“It’s more of a nuanced struggle for her,” she continued. “That specifically, I think, is a struggle that a lot of immigrant kids, a lot of Asian kids deal with, that I thought was important to put into the movie.”

Lee, the main character of "Turning Red," and her mom, Ming (voiced by Sandra Oh).
Lee, the main character of "Turning Red," and her mom, Ming (voiced by Sandra Oh).

Another feature that gives “Turning Red” its specificity is the time period. Set in 2002, the movie contains an abundance of references to the early 2000s: flip phones, camcorders, Tamagotchis, the “Cha Cha Slide” song and boy bands.

“It really feels like we’re taking you back in time, back to the 2000s, into this Asian tween fever dream,” Shi said.

In one of the movie’s subplots, Mei and her best friends, Miriam, Abby and Priya (voiced by Ava Morse, Hyein Park and “Never Have I Ever” star Maitreyi Ramakrishnan, respectively), have to figure out how to earn enough money to see their favorite boy band, 4*Town (which, as Mei’s mother points out, inexplicably has five members). Billie Eilish and Finneas O’Connell wrote the fictional band’s original songs, which really do feel like they’re straight out of a Backstreet Boys or ’N Sync album. The movie also includes several fantastic needle drops of real-life songs, such as a scene featuring Destiny Child’s “Bootylicious,” which will probably transport any 1990s or early 2000s kid back to that time.

“I just love all of the music from the early 2000s, and it was so cool to be able to bring that into the movie,” Shi said. “And that song [“Bootylicious”], too, I think, is perfect. If you listen to the lyrics, it is about embracing all the jiggly, raunchy sides of yourself. And Mei’s embracing that part of herself in the moment, too.”

In "Turning Red," Meilin's friends try to console her when she turns into a red panda.
In "Turning Red," Meilin's friends try to console her when she turns into a red panda.

After studying animation in college, Shi landed an internship at Pixar in 2011 and has been there ever since. She worked her way up as a story artist on films such as “Inside Out,” “Toy Story 4” and “Incredibles 2.” While working on “Inside Out,” she pitched an idea for a short film, which became “Bao.” One of the biggest challenges of directing a feature as opposed to a short, she said, was “embracing how chaotic directing a feature can be and how, at some point, you are working on every single stage of the movie all at once.”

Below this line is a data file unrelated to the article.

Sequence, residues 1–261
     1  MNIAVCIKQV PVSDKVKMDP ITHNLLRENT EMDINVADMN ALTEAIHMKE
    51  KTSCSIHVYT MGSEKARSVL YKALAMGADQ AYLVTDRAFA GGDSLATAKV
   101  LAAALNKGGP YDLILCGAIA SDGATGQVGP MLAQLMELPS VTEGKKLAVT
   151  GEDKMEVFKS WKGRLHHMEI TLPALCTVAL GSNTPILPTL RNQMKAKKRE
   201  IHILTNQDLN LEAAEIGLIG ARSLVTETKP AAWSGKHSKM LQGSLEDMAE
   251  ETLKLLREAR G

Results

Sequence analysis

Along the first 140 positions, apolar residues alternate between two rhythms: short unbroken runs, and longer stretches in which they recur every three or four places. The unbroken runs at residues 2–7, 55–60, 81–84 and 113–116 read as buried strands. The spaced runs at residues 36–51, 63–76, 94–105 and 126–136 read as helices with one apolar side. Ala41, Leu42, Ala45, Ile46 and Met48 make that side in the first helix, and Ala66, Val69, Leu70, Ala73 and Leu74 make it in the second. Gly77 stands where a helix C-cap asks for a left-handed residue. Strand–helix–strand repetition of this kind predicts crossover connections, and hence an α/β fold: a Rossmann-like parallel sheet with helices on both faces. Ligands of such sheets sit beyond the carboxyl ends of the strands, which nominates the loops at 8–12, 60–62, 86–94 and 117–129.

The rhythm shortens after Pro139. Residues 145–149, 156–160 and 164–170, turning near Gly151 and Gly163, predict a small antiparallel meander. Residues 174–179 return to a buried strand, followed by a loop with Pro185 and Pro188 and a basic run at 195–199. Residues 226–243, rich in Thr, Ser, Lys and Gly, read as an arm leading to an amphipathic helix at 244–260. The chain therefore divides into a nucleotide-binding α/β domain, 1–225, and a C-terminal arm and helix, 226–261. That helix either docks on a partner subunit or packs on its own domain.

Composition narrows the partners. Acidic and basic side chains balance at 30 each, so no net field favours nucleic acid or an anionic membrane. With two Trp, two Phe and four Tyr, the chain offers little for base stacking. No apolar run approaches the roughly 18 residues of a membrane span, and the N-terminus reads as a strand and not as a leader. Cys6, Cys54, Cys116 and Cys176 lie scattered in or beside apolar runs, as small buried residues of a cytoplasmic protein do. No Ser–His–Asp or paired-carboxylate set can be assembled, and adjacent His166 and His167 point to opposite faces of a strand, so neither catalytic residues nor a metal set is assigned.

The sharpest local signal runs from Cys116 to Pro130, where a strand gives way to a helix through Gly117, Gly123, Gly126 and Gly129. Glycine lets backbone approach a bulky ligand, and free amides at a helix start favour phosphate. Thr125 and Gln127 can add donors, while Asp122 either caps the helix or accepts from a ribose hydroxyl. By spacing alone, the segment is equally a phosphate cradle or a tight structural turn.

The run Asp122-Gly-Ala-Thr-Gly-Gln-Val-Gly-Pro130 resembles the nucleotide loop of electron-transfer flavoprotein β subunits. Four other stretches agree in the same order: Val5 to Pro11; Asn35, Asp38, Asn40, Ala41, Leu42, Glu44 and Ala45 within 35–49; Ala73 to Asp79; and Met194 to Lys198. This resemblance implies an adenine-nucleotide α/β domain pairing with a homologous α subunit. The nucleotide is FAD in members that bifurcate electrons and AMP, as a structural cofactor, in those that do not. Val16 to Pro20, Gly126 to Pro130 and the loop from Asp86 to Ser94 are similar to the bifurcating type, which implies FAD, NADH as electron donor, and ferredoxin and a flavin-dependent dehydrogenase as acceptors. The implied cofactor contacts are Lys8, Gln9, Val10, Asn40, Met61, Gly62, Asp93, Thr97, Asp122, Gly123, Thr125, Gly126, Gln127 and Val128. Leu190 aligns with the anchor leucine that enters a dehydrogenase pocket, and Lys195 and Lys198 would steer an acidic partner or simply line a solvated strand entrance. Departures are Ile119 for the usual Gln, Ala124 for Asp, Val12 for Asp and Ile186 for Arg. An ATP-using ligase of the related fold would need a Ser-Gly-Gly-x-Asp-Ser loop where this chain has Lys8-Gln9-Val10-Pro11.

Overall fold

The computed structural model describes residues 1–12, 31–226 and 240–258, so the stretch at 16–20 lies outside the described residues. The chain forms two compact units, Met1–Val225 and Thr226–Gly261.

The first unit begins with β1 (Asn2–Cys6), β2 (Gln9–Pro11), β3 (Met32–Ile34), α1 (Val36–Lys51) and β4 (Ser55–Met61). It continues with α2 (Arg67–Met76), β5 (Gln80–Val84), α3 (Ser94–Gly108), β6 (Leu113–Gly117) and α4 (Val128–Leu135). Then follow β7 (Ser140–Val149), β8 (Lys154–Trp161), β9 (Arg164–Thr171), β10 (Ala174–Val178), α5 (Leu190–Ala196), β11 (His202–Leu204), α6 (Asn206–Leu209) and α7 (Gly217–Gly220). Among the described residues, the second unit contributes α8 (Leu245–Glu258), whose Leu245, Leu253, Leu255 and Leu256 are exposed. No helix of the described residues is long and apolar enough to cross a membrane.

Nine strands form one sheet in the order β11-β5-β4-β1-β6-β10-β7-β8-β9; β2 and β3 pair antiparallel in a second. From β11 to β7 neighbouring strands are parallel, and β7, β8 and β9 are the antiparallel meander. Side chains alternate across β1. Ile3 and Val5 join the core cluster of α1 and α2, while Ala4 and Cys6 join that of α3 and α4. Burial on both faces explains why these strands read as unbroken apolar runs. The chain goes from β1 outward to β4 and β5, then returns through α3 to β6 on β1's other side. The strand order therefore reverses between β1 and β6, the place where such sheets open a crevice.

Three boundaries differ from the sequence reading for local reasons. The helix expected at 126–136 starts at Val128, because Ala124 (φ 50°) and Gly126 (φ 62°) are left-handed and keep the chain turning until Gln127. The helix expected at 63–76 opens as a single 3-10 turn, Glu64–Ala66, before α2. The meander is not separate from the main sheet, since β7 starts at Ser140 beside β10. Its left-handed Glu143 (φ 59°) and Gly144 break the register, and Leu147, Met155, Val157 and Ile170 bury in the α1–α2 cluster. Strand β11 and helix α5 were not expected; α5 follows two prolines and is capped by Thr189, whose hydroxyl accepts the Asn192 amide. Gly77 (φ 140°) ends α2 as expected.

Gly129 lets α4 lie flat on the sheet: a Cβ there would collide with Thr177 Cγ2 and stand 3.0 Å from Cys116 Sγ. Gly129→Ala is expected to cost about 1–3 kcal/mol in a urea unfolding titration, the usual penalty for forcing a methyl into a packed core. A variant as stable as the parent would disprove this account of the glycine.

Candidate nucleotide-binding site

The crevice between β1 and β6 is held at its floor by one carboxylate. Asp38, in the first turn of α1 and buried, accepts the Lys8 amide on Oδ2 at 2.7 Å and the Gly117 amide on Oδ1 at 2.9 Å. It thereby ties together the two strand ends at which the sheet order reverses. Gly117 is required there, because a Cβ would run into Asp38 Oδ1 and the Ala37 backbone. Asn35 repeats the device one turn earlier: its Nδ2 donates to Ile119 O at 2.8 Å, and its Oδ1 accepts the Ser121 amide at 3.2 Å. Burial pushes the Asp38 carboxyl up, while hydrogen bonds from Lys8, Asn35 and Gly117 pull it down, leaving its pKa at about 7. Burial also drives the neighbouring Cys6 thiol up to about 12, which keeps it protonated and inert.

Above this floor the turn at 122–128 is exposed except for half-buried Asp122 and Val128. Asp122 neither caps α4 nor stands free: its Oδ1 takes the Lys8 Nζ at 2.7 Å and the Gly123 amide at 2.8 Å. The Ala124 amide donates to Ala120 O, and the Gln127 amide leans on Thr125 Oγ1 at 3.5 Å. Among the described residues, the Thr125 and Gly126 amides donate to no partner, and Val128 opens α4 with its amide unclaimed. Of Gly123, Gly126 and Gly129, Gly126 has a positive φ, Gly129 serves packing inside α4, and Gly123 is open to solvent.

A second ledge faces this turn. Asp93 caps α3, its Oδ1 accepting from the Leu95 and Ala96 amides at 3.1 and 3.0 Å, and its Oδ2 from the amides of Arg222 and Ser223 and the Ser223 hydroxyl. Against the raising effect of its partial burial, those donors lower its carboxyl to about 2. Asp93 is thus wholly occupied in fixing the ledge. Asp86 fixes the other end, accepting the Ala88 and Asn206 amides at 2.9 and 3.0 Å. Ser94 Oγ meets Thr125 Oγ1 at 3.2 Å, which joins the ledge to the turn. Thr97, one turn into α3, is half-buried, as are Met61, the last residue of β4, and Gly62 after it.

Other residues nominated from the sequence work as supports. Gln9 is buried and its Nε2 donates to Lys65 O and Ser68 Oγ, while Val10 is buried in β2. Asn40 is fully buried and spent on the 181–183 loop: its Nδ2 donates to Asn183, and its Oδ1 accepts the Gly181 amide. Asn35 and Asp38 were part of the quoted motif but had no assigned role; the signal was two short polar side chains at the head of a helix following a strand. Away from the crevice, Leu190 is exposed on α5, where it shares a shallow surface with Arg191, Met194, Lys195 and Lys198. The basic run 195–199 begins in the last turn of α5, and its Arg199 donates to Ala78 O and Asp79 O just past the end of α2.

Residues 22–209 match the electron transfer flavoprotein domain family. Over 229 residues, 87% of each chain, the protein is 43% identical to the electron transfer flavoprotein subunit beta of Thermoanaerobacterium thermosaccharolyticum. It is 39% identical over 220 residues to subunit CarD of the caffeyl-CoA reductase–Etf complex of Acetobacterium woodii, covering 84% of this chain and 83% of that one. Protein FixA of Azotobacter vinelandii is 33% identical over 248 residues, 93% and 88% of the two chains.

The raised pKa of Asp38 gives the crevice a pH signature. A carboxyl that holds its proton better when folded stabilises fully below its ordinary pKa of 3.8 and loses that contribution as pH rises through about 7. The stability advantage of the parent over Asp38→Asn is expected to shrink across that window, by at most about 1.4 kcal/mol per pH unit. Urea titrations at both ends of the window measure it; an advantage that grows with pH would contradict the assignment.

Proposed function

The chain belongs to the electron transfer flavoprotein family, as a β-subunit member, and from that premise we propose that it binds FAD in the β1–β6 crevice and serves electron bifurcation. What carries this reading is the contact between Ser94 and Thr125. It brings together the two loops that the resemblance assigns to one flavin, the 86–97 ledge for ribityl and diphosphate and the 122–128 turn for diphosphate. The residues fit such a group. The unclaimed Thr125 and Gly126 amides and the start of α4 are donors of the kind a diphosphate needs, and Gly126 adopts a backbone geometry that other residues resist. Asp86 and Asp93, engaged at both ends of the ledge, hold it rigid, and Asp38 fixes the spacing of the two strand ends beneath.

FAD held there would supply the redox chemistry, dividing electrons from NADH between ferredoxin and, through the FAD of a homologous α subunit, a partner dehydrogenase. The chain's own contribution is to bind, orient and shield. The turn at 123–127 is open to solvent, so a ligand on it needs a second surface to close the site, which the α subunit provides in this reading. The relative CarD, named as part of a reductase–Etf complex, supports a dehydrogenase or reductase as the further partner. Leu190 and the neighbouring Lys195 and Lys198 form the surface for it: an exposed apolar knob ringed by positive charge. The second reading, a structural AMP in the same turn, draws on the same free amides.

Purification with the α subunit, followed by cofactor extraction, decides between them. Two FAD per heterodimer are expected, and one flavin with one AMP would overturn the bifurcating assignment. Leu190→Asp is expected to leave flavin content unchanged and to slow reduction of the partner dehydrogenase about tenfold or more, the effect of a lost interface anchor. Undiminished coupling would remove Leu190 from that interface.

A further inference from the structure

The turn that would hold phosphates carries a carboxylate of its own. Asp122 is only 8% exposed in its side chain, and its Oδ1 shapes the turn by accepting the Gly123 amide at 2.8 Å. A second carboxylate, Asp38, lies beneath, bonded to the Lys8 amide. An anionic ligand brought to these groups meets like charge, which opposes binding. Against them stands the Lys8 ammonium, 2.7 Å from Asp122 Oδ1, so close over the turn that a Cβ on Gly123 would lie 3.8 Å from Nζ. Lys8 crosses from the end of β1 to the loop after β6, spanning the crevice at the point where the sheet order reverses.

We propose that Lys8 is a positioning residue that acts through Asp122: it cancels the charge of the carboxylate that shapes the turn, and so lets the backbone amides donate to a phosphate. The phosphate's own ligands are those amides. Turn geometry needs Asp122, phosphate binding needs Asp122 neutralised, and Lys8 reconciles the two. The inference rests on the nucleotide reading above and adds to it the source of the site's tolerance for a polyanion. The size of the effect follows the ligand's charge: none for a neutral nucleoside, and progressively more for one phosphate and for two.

“You’re approving shots for animation, but at the same time, you’re back in the script addressing notes that you’ve gotten from execs. At the same time, you’re looking at lighting. And all of that is happening all at once on any given day,” Shi said. In contrast, the production process for “Bao” largely took place in order. So that was really tricky for me mentally, jumping back and forth in time and working on different parts of the movie as it all came together.”

For Shi, one of the gifts of working in animation is being able to think more imaginatively about how to capture the messiness of life, including things like puberty and periods.

“When it’s happening to you at the time, it just feels so nightmarish and awkward and embarrassing. But now that there’s some distance between me and 13-year-old me, I can look back and I can laugh at it. I can analyze it from every angle,” Shi said. “And that’s the beauty of animation, too. Animation lets you explore complex, deep or traumatic or cringey topics, but in an accessible and visual and creative way.”

“Turning Red” premieres Friday on Disney+.